Current forecasts show that over half of the 50 year-old will live in a nursing home before they die (Hurd, Michaud and Rohwedder (2014)), and that public expenditure on long-term care will grow considerably in the near future (Lipszyc et al. (2012)). Furthermore, undergoing social changes in the family structure - more childless households, more working daughters, increased mobility of children - will require increasing provision of formal care arrangements. Nevertheless, in Europe as well as in the US, purchase rates of private LTC Insurance (LTCI) policies are extremely low.
On the demand side, one largely unexplored reason for the low LTCI purchase rates is whether individuals ignore or underestimate the future risk of not being able to cope with basic activities of daily living (ADL) due to a reduced degree of physical or cognitive capacity. This is a crucial, policy relevant question: if individuals have incorrect beliefs about their risk, they will make inefficient decisions, which ultimately will lead to higher risk of poverty and social exclusion in old age, excessive burden on families and higher fiscal pressure on the governments due to overcrowded public LTC provision.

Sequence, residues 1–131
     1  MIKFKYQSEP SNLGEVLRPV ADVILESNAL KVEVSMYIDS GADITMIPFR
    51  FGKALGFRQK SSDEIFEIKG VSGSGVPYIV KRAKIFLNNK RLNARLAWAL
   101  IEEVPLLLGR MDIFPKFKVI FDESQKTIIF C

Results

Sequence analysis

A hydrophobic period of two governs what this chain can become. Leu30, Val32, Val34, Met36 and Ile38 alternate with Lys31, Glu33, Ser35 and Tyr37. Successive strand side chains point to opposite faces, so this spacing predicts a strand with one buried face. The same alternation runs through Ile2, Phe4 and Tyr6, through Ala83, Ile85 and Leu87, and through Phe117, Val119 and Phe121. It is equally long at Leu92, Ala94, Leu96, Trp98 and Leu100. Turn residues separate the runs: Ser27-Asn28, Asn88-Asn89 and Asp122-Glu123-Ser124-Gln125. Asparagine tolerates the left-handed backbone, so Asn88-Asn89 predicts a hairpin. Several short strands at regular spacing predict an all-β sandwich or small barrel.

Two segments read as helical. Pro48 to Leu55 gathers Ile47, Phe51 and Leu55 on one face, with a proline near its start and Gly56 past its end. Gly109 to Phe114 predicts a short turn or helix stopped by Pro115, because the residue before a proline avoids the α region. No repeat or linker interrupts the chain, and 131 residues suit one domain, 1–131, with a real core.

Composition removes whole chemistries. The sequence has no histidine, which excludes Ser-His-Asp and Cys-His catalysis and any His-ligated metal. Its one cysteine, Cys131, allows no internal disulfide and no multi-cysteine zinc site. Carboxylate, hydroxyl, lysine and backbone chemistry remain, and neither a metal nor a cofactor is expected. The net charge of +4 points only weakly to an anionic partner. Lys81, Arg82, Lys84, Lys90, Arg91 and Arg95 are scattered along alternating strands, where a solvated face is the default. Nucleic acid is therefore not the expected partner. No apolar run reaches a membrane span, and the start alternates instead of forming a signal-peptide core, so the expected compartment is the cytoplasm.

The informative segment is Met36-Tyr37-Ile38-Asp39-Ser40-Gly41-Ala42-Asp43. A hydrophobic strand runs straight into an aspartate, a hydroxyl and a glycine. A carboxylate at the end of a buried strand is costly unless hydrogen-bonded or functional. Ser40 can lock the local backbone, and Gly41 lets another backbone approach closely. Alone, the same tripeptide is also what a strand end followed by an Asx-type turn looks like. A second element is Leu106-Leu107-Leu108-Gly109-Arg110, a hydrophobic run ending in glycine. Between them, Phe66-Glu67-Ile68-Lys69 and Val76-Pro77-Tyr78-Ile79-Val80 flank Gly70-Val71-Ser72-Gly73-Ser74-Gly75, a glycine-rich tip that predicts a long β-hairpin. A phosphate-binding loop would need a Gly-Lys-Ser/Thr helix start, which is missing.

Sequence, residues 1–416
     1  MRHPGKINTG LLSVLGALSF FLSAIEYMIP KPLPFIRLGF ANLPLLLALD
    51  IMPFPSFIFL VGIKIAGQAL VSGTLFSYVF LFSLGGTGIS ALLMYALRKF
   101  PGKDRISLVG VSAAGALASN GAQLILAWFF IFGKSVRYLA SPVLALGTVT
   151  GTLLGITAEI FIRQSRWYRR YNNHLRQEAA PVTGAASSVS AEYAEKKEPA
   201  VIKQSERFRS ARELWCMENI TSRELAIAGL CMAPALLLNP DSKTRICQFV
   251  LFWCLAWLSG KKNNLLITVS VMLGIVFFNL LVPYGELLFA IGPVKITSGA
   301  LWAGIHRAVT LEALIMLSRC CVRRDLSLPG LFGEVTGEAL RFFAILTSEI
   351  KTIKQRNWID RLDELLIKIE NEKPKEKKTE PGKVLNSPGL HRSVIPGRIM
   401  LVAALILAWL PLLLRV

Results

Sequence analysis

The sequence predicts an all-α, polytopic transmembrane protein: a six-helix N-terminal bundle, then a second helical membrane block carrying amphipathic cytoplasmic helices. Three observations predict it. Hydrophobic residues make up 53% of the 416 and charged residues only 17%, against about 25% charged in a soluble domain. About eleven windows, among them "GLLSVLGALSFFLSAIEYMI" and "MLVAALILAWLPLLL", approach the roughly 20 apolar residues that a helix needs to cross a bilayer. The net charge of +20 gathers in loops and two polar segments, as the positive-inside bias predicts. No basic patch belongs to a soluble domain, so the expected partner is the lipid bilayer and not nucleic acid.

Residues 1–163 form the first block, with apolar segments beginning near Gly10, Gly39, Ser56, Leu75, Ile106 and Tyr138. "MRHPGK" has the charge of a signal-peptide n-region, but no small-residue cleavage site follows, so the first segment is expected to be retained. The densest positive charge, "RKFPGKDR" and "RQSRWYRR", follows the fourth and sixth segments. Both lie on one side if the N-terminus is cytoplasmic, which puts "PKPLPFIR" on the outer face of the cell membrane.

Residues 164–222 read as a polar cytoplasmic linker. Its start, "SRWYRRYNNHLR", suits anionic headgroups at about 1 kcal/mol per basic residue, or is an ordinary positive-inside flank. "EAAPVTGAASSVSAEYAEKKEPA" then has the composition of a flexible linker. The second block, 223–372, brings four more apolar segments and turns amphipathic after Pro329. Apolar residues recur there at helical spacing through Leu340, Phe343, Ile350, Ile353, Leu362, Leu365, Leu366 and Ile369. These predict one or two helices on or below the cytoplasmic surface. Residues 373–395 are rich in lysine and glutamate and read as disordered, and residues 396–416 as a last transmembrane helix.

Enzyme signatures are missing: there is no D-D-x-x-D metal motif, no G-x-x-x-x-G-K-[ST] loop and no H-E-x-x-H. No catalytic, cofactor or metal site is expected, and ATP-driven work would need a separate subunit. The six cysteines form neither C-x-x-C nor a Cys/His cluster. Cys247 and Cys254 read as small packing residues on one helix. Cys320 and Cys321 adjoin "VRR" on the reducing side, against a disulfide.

In light of this, we propose to investigate individuals’ beliefs about their probability of developing ADL limitations sometime in the future, and their beliefs regarding the chances that their family and the public health care system will cover their needs in case they develop such limitations. Furthermore, we would like to perform an information experiment, where we randomly expose respondents with objective information about the current risk in the population of developing any ADL limitation. The aim is to assess whether the reason for such a low rate of LTCI purchase in the population is lack of information (or imprecise information) about the risk of actually needing LTC in the future.